Though Boon has some revelatory things to say about anesthetics — “the only drugs for which the major cultural reference points are Hegel and transcendental philosophy”– his best chapter concerns psychedelics. In traditional societies, substances like mushrooms or ayahuasca open the gateway to nature’s nonhuman spirit realms. Boon shows how, for the West, literature opened the door into the psychedelic realms. After all, as Boon points out, western literature itself emerged from Christianity’s fascinated but frightened Renaissance encounter with the “imaginal realm” of classic paganism — a realm whose “deities, festivities, and vision-inducing plants” were then kept alive but contained within the relative safety of the text. Today we are still bumbling about that Renaissance wood, alternately fascinated and terrified by weird plants and powders that mediate our fears and attractions towards God, sex, and crime. As well as raising practical issues that all of us face in our increasingly psychoactive society, drugs are still a literary conundrum. As Boon insists, they remain allegorical: devices of meaning as well as chemical change. These meanings demand to be read, not the way one reads an incriminating sample of urine, but the way one reads tea leaves.
Enter Dale Pendell. A California poet and ethnobotanist who brews a mean wormwood mouthwash, Pendell has just published Pharmako/Dynamis, the second of three projected volumes that explore, like nothing else I know, the human interaction with psychoactive substances. Like Boon, Pendell places drugs at the cross-roads of various discourses, only he does so like a Beat alchemist working textual DJ decks. Dense paragraphs devoted to ephedrine isomers are followed by political rants and erudite arguments about Vedic religion. Quirky, dreamlike readings of Genesis or Faust are interspersed with recipes for Tuscan chocolate or freebase cocaine. And poetry keeps popping up among the marvelous illustrations, especially in Pendell’s oracular stabs at phenomenology — in his last volume, Pharmako/Poeia, Pendell memorably described the odor of opium as “the smell of the food that the dead eat.”
Pendell’s chorus of voices are themselves occasionally interrupted by another voice, an italicized imp who pokes fun at the author’s efforts and conclusions. This is the voice of the ally, a crucial term for Pendell and many of today’s psychonauts. The idea here is that consuming psychoactive plants or molecules — including things like tobacco and coffee — means forming a relationship with the those compounds. There are crushes and spats, hidden agendas, and personalities on both sides of the equation (the ally is often something of a trickster). Though it might sound like reheated Carlos Castaneda romanticism, the concept of the ally actually helps get us out of our internal stories. Drugs aren’t just social constructions: they are powerful emissaries from the molecular world that everywhere surrounds our not so independent minds, the world where, as Pendell says, “winds and ocean currents are intersynaptic fluids.”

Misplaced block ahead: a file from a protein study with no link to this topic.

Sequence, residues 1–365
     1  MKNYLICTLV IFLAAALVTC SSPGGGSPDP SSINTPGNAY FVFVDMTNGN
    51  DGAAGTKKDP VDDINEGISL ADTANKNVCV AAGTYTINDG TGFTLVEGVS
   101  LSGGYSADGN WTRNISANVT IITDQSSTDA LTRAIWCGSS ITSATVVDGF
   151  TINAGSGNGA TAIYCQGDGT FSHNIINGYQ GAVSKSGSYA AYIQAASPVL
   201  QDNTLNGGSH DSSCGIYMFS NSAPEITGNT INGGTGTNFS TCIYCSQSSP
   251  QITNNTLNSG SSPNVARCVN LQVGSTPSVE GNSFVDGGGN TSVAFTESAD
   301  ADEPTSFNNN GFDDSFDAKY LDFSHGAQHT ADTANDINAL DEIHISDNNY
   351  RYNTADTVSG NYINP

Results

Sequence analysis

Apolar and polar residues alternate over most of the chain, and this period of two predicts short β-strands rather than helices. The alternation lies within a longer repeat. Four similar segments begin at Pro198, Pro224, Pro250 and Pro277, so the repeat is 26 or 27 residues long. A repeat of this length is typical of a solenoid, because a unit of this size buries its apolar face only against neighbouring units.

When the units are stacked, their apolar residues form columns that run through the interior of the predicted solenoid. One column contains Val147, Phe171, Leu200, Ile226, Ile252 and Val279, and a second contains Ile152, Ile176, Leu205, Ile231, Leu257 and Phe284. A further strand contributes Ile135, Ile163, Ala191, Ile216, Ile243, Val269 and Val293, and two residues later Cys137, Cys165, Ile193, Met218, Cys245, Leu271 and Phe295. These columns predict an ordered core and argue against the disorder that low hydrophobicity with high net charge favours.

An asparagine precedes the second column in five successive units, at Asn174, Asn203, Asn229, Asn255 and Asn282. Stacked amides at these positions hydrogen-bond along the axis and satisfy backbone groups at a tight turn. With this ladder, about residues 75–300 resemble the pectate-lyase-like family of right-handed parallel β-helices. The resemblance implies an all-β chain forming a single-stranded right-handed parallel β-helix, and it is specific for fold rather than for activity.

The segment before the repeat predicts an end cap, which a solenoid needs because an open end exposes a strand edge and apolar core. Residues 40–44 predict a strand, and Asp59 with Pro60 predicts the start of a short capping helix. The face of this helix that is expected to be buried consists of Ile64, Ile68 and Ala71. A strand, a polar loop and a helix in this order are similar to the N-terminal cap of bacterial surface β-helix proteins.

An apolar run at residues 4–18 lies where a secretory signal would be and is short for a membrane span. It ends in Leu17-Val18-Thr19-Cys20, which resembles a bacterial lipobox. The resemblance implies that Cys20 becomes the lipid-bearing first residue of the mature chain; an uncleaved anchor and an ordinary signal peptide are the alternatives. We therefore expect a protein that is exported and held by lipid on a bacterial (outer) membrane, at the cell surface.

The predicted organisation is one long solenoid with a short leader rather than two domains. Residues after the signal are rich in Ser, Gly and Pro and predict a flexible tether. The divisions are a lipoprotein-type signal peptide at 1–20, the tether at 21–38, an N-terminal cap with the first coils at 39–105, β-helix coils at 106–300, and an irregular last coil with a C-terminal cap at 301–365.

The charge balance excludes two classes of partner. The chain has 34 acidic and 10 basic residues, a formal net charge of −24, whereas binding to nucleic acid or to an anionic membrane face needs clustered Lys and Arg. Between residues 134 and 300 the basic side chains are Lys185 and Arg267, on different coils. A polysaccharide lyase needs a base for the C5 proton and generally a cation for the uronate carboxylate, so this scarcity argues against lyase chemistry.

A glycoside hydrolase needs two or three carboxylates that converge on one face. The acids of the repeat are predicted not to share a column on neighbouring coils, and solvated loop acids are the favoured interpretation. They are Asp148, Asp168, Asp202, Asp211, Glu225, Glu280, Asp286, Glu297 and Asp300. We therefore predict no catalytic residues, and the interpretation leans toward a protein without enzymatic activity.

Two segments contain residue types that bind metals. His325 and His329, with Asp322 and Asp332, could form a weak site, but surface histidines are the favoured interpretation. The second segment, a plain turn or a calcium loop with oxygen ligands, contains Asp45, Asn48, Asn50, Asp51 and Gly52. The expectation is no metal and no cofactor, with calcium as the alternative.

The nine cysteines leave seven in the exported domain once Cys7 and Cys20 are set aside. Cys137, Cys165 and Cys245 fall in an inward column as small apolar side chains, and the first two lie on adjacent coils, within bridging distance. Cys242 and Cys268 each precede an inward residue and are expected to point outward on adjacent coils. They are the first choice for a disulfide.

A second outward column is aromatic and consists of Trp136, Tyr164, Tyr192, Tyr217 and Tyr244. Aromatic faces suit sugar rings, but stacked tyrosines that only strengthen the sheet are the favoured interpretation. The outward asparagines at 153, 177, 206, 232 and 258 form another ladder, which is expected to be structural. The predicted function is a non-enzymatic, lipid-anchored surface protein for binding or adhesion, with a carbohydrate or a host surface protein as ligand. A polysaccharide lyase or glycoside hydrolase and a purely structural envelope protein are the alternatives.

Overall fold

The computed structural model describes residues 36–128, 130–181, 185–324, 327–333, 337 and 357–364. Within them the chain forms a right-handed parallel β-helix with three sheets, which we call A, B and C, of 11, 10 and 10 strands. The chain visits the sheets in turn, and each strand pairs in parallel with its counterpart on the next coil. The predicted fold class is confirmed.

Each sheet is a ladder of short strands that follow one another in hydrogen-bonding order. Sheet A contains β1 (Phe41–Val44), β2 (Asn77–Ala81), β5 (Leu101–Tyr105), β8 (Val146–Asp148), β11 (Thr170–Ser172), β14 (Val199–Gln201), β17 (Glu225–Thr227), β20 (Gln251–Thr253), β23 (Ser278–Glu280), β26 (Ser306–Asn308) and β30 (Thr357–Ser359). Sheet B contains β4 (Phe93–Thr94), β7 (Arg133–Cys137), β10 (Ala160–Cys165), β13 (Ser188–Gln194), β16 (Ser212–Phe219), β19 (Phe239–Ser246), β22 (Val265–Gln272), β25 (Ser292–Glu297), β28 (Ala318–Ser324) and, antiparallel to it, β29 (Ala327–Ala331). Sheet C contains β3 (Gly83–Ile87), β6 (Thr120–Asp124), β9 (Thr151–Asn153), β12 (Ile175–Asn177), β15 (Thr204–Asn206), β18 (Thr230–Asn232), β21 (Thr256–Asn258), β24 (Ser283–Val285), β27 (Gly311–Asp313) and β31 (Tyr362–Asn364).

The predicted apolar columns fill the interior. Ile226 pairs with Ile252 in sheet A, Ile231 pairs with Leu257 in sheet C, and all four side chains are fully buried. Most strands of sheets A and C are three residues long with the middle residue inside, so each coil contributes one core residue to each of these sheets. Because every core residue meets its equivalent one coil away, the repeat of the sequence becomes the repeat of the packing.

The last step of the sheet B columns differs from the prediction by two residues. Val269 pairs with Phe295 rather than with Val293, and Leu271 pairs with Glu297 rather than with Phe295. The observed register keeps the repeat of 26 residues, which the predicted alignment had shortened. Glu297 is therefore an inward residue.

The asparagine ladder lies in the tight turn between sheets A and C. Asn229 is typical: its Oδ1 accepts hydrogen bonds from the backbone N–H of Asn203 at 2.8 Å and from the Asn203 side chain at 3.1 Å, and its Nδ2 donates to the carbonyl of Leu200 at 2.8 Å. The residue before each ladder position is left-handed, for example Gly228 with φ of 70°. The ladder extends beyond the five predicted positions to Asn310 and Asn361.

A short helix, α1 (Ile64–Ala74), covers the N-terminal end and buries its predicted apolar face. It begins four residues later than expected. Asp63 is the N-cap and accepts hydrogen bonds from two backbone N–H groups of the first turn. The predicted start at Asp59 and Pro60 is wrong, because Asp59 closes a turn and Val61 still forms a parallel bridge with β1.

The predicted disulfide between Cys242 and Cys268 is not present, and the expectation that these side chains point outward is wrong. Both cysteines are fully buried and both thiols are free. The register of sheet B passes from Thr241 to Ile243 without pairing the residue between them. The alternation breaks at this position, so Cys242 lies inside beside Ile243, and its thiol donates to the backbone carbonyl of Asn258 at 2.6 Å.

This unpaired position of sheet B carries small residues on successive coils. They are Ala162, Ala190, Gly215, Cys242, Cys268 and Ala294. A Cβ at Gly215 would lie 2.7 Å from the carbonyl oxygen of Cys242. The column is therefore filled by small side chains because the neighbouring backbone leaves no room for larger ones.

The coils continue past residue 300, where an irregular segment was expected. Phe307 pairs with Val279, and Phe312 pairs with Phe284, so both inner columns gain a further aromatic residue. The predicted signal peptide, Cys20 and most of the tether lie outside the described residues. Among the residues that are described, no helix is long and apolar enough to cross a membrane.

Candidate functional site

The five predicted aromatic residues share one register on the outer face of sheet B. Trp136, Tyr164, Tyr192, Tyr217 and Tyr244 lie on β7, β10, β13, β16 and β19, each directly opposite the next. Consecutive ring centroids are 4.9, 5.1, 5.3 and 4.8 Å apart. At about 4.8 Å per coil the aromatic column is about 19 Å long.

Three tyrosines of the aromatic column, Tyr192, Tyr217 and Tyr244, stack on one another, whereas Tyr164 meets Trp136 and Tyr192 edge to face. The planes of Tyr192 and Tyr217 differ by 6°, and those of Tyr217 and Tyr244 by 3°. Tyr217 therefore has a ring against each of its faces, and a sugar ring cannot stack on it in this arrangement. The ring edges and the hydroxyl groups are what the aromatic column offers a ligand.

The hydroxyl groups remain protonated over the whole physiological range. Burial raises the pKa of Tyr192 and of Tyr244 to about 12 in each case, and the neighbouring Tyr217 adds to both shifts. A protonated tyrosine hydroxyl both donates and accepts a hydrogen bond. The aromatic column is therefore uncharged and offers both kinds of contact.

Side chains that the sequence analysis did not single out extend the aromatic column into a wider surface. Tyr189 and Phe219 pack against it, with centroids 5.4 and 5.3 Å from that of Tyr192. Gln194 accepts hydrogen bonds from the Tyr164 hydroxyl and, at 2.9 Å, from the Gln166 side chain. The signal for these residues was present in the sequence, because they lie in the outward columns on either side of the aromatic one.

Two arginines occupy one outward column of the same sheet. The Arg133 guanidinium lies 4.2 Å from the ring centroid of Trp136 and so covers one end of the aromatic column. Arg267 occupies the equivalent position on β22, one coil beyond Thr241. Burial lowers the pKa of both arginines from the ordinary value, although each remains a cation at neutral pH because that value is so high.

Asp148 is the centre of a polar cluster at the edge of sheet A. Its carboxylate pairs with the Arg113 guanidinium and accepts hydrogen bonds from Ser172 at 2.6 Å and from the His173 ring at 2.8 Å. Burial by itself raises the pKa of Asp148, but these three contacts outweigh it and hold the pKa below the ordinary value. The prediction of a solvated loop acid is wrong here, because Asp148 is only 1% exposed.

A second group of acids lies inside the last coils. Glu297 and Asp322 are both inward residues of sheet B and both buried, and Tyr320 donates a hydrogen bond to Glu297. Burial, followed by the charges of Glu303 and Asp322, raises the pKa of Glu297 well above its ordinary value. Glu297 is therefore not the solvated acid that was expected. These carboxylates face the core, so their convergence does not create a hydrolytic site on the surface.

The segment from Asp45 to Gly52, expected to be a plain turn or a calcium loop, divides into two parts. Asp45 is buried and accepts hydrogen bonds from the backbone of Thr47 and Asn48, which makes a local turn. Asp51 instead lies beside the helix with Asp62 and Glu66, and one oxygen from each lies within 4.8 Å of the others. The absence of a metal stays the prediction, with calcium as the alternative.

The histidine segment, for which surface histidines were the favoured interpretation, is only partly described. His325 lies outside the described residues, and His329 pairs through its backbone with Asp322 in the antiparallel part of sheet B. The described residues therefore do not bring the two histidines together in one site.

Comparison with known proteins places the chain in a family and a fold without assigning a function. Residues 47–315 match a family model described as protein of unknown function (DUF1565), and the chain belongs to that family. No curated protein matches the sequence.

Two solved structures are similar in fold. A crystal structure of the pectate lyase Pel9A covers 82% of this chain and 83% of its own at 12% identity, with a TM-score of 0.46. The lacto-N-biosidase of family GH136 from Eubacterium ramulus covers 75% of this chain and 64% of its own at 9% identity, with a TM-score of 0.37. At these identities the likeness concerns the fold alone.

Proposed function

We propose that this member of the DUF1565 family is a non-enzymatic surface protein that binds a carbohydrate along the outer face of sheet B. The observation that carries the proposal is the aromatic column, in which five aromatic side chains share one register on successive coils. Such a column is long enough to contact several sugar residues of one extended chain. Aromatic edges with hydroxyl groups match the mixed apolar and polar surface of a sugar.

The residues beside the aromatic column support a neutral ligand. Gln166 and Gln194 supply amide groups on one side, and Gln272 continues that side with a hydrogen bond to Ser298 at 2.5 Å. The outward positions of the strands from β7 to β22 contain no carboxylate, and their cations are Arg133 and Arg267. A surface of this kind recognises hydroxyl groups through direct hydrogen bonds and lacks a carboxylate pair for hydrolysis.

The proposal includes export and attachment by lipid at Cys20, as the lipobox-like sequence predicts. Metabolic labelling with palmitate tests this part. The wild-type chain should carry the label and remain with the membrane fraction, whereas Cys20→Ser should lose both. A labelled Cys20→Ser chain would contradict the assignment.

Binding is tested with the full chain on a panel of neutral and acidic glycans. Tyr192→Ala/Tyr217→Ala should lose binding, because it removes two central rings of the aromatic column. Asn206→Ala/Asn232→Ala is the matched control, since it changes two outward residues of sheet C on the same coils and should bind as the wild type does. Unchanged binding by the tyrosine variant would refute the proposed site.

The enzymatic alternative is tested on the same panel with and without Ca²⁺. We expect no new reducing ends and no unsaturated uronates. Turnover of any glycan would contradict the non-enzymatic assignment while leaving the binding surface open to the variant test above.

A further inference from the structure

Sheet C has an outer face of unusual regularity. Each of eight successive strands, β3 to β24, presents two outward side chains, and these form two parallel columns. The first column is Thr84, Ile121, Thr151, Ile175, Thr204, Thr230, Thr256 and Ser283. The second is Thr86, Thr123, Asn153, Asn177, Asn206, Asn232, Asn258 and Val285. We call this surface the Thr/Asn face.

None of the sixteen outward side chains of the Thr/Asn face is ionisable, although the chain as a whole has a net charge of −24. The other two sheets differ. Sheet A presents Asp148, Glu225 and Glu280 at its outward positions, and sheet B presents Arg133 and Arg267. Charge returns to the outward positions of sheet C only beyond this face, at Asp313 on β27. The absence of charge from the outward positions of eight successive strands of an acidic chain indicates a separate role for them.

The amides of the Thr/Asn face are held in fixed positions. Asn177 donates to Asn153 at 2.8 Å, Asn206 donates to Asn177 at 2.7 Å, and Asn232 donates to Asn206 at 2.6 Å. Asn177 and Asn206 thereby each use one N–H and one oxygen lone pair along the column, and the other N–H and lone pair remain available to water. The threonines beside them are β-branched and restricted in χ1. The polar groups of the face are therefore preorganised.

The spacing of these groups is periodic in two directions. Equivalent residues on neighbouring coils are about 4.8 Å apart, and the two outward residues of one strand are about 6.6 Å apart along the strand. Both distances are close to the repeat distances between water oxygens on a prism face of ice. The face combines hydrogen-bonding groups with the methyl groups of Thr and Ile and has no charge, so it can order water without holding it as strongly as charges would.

Though we do it more than we admit, many of us have little interest in making deliberate pacts with chemical sprites. But for those rare psychonauts who hear the call, the secret garden can only be explored by nibbling and sniffing your way through it. Pendell calls this the Poison Path, a “vegetable alchemy” that combines the grounded self-experimentation of any honest scientist with a street-smart spiritual heterodoxy that risks “the seduction of angels.”
Pendell is catholic in his tastes. While his first book covered obvious contenders like cannabis, opium, and the deeply weird Salvia divinorum, his new volume is principally devoted to stimulants, or what he calls “Excitantia.” Pendell begins with our morning beverages, alights on exotica like betel and khat, and then ramps it up to coke and amphetamine, before closing with a section devoted to “Empathogenica” like MDMA and GHB. Pharmako-Dynamis pays more attention to history and politics and less to the voices of the allies, but that’s because we have so thoroughly assimilated these voices into our excited culture, not because they aren’t whispering. Every office has its shrine to the coffee god, but we think it’s just fuel.
Indeed, the pragmatism of the stimulants, that can-do spirit of mental fortitude, has ensorcelled modern society. The Enlightenment itself was chemically enhanced, with Voltaire its paradigmatic “coffee-shaman,” downing seventy-two cups a day. The desire to sweeten speedy beverages drove Europe to plunder Africa, just as earlier stimulant civilizations, like the Aztec and the Inca, showed a taste for blood-thirsty imperialism. Behind the botany of desire lies the botany of conflict. “If we accept the world as the playground, sometimes battlefield, of poisons, history becomes a story of shamanic alliance and conflict, a story of magic spells and their dissolution by new spells.”
Speed has become “our principal and ruling poison,” and that only shows how poisoned the path can get for both cultures and individuals. Appropriately, Pendell finishes the section on Excitantia with a fragmentary prose poem on freebase mania called “Stealing from Tomorrow,” his most explicit writing yet on the dark side of drugs. He follows this, as a good Californian should, with a fragmentary account of a vision-quest in the High Sierras. He invokes a “a hunger for transcendence that borders on lust.” It’s a decisive turn away from the culture of speed, as well as a preview for the final book in Pendell’s trilogy, Pharmako/Gnosis, in which the psychedelics will have their say.